Will hedgerows increase the numbers of pest birds?
Pest birds are present on farms regardless of field edge habitat (such as weedy vegetation or hedgerows). Cases will be different, depending on the crop, but in the fields and orchards of Yolo County, researcher Hillary White (formerly with UCCE and now with U.S. Fish and Wildlife) found that three of the most common avian crop pests (American crow, red-winged blackbird and Brewer's blackbird), were up to 10 times more abundant in agricultural fields with bare or weedy margins than in fields with hedgerows.
What can I do to attract beneficial birds to my farm?
Our avian research team has been quantifying the conditions under which birds are helpful or harmful to growers. We are looking for ways to help farmers create bird habitat on their farms to harness the beneficial pest control services birds can provide, while also protecting crops from the damaging effects of some bird species. This information is available in the new publication “Supporting Beneficial Birds and Managing Pest Birds,” co-authored by the Wild Farm Alliance and Drs. Kross and Heath, and technically advised by UC Cooperative Extension and several farmers. This is a user-friendly guide for farmers and conservation practitioners, with the goal of co-managing farmlands for biodiversity and farming.
A white-breasted nuthatch preys on a codling moth larva “sentinel cocoon” on a walnut tree. (Video still: Sacha Heath)
Two UC Agriculture and Natural Resources emeritus specialists, two UC ANR advisors and a UC ANR vice provost spent a week in March working in Guatemala to help implement a USDA-funded (UC Davis-managed) project that is rebuilding the extension system in Guatemala.
With a population of almost 17.5 million and a per capita income ranked 118th in the world, Guatemala is working to improve the livelihoods and incomes of it's rural population, which represents nearly half of the total population. The project is being implemented in Guatemala with the Universidad de San Carlos. Universidad de San Carlos is the biggest and oldest university in Guatemala and which - when established in 1676 - was the fourth university established in the Americas. The 150,000-student university includes a prominent and well-known agricultural school.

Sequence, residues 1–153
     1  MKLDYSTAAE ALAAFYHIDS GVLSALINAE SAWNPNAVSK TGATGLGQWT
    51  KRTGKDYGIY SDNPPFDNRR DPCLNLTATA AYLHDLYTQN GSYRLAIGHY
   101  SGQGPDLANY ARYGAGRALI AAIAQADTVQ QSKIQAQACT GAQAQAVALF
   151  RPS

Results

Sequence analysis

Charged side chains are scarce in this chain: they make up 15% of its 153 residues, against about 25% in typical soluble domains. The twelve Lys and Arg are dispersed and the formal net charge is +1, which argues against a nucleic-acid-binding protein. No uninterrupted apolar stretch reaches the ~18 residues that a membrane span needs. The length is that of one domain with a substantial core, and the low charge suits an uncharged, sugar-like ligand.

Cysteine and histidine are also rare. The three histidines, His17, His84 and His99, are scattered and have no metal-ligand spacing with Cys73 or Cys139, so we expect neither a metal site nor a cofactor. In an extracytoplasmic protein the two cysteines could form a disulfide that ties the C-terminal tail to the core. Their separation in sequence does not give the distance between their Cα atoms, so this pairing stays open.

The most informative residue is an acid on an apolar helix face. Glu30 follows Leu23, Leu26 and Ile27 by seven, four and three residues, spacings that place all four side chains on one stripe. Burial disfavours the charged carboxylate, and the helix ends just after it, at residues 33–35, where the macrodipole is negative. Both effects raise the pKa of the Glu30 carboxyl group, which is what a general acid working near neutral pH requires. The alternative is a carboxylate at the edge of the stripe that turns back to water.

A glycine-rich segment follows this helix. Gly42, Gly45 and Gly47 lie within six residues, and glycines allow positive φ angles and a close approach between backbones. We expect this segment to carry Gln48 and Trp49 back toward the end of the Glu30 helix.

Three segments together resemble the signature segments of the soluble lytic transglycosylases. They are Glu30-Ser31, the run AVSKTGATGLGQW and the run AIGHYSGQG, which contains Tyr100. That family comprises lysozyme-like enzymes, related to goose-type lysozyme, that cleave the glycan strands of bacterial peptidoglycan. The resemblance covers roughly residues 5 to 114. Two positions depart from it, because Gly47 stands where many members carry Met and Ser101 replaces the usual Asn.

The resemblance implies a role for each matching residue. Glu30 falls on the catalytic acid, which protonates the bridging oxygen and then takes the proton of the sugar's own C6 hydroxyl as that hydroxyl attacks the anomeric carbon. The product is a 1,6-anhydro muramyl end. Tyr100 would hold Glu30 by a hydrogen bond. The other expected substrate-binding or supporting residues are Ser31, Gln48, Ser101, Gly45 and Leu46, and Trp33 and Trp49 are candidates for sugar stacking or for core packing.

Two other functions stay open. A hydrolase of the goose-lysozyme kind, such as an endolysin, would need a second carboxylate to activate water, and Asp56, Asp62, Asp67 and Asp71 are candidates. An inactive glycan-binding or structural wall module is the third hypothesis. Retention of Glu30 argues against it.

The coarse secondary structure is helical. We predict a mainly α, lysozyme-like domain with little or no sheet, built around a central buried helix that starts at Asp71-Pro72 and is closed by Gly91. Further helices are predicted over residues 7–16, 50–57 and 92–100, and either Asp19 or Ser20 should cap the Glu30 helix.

The UC contingent delivered modules on extension and marketing, two of five required for the participants to receive a certificate. Jim Hill, emeritus rice specialist based at UC Davis, is leading the second phase of the project.
The rest of the team for the week were Steve Temple, emeritus agronomy specialist, UC Davis; Jairo Diaz, director, UC Desert Research and Extension Center; Ramiro Lobo, advisor, UC Cooperative Extension, San Diego County; Mark Bell, vice provost, strategic initiatives and statewide programs; and Kate Lincoln, CAES Global Engagement, UC Davis. Bell led the project when he was part of the UC Davis College of Agricultural and Environmental Sciences.
The interactive week-long course worked with 31 participants, mostly from the Guatemalan Ministry of Agriculture extension offices, but also included agriculture teachers. The team shared the essential steps and associated skills required for successful extension. The course used the Spanish acronym ASISTE as a framework (previously developed by Mark Bell, Maria Paz Santibanez and Elana Peach-Fine) as an easy way to remember the key steps. ASISTE stands for audience (audience), soluciónes (solutions), información simple (simple information), transferencia (transfer), and evaluación (evaluation).
As part of the course, participants developed and delivered their own mini-workshops using local issues and context to reinforce workshop discussions. As Guatemala has a large indigenous population with more than 20 languages, one of the participants delivered his talk in Tzutuhil, the main language used for his constituents in Santiago Atitlan, Sonora department.